Here is what you expect to see with this kind of speculating style.  First, the edge comes from your analysis of the macro, not actually buying dips.  If you think it's a bull market and it's bear, averaging down will lose you a lot of money.  If you think vice versa, have fun looking on from the sidelines while everyone else makes money and start appearing in hedonistic rap videos.  This is why I like dealing with percentages rather than a binary bull/bear market.  As an example, this current bull market is in its 5th year.  I agree it is a bull market, but it is no longer a 100% equity allocation balls to the wall bull market as it was in 2009.  80% is a much more comfortable place to be.  Decreasing this number will depend on seeing more risk factors appear, such as increase in unemployment claims, decrease in ISM, decrease in business/'consumer confidence as well as deteriorating technicals such as bad breadth, distribution on high volume etc.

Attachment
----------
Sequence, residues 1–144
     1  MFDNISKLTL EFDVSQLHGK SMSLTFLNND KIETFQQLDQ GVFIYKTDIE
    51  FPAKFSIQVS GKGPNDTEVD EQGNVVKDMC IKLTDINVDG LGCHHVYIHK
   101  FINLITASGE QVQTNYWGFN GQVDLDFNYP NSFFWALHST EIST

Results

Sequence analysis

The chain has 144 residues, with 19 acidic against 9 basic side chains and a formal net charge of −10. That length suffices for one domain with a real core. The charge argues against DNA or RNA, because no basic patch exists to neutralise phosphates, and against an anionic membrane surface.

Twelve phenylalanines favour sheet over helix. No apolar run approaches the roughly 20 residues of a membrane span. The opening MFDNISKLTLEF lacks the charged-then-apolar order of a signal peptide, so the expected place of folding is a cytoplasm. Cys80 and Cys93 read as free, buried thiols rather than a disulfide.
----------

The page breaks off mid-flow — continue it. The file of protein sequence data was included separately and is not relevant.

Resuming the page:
There are still a lot of idiosyncratic risks.  Sometimes IWM and SPY diverge for months on end (or even years as in the late 1990s).  More likely, I can just be dead wrong about the macro.  One always has to entertain the banal notion that he isn't as smart as he thinks he is.  Regardless, averaging losers has been much maligned.  Just because most people have been doing it wrong doesn't mean it cannot be used correctly.